I am a Hudson Valley Parent: Roxanne Ferber

Talking about parenthood’s messier moments

i am a hudson valley parent roxanne ferber

As a parenting blogger and mother of 5-year-old twins, Roxanne Ferber sums up her life as follows: Do what it takes to get through the day.

“I call it the ‘Whatever Mom’ philosophy,” the Saugerties resident says. “Some days Plan A doesn’t work. So you say ‘Ok, I’ll go to Plan B, ok that’s not working either – I’m going to Plan C. And if Plan C means feeding your kids Cheerios for dinner so that you can have just five minutes of peace, that’s fine.”

That philosophy may seem at odds with the Pinterest-polished perfection that many parenting blogs seem to push, but for Ferber, that’s the point.

Humble beginnings

She started blogging almost three years ago as a way of simply keeping friends and family in the loop as to what was going on in the lives of her daughters, Nora and Camille. After some of her friends noted that they would never try the messier crafting projects she wrote about, she realized that only a few other blogs were willing to show what the day-to-day reality of parenting was actually like. “Messy things really happen in life,” she says. “It’s not pretty and it’s not perfect.”

hudson valley education

Ferber isn’t afraid to write about the emotionally messy side of parenting either. “I have kids who have meltdowns and tantrums in public just like you,” she says. “This is how I deal with it: I do whatever works to get us through that moment, I get home, and life goes on.”

The good with the bad

Ferber knew she was taking a risk by sharing the uncomfortable realities of parenting on her blog.

“A lot of my blogging…had just been about sharing all the fun stuff that we had done together,” she says. “I was expecting a kind of backlash once I started writing about being out in public and having a child meltdown to the point where they’re just so completely out of control and people are looking at you like you’re a horrible parent – sharing that really uncomfortable feeling. But instead, there was a lot of support from people who said ‘I’ve been there, I’ve done that, it’s really hard.’ So sharing that story with people turned out to be a way to really open myself up.”

As Ferber continued to share what she refers to as “the darker side of parenting,” she found that her style of parenting was changing as well.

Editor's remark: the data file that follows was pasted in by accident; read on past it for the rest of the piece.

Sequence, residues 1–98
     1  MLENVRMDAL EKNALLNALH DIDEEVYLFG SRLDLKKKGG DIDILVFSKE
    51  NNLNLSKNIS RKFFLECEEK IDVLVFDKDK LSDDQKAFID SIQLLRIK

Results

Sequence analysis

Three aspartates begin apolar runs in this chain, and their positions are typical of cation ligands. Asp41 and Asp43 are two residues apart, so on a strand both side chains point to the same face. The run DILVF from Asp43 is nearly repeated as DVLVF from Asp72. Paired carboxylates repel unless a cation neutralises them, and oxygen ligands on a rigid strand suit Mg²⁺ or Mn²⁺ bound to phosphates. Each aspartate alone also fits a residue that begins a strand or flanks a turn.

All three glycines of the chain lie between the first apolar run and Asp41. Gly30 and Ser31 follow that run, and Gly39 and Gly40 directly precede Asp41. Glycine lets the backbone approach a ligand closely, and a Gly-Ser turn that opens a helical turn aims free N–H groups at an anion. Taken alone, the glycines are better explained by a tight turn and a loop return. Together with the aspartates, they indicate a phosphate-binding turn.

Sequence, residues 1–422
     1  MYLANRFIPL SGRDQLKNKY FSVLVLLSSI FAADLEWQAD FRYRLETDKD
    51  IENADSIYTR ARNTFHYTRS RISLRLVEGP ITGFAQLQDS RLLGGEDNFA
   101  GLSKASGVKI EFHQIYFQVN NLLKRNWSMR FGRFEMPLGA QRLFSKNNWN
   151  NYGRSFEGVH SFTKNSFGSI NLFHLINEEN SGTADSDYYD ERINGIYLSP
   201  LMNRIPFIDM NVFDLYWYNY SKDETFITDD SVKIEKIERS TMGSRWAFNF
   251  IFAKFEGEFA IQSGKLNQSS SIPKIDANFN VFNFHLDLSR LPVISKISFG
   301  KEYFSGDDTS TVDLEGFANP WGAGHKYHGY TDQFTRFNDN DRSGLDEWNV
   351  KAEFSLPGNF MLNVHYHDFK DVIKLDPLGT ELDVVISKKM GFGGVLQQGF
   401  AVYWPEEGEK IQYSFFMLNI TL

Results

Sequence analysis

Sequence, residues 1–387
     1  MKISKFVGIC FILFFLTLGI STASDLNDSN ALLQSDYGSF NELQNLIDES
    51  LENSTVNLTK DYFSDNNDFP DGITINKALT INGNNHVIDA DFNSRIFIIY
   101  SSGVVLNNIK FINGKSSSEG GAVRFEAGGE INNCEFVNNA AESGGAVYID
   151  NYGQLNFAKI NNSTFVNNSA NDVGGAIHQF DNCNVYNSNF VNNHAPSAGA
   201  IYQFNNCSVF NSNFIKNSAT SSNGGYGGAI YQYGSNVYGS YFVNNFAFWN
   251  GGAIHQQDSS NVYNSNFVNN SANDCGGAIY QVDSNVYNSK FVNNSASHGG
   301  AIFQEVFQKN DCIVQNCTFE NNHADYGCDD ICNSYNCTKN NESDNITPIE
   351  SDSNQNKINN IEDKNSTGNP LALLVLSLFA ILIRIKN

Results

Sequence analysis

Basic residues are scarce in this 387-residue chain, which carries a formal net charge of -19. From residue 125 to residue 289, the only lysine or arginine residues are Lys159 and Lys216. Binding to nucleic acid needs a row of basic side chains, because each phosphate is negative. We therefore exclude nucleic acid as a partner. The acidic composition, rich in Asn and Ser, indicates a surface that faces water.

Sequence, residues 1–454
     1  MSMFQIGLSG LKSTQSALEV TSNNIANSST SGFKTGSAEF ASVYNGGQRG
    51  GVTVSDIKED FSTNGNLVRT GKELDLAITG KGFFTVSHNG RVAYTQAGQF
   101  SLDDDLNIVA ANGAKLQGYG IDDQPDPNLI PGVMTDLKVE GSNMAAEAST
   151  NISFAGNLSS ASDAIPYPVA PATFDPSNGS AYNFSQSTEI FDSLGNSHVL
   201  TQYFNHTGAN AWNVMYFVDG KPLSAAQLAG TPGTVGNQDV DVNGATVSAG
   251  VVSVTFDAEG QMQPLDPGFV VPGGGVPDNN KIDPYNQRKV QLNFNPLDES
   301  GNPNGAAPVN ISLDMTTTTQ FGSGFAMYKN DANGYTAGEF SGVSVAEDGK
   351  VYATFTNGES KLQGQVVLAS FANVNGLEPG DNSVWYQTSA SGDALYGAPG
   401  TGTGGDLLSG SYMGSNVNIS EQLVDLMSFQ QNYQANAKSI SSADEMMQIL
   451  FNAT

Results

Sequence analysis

“I’m a strong Type A personality and I like things to go exactly as I envision them. That type of thinking does not fit in with parenting,” she says.

But instead of stressing out and trying to make things look perfect or like what all of the other moms she knew were posting about on Facebook, it was a lot healthier to take a good, long look at her own skill sets – and what she could realistically accomplish in a day.

after school activities for kids

“Sometimes when you try to get it all done and it doesn’t work, you feel like you’ve failed in some way,” she says. “I think that there are a lot more moms that are feeling that way than are willing to talk about it.” 

Making adjustments

Adopting her philosophy has helped her to let go of a lot of stress and anxiety that came with trying to present a perfect vision of parenting to the world. 

“Parenting is different for every single person and not everyone has access to the same resources,” she adds. “Today a lot of parents don’t live near family, so they don’t have somebody round the corner who will come and sit with their kids for five minutes and give them some peace.” 

Or give them time to write. As a stay-at-home mom, Ferber has to balance her three blog posts a week with two kids who are home with her all day and don’t really understand why Mommy has to spend so much time at the computer. But Ferber knows how to make it work.

“I type two sentences, go make a sandwich, type two more sentences, change the channel, type two more sentences, break up a fight, rinse, lather, repeat,” she says. “That’s pretty much my day.”


Brian PJ Cronin is a freelance writer. His work appears throughout the Hudson Valley.

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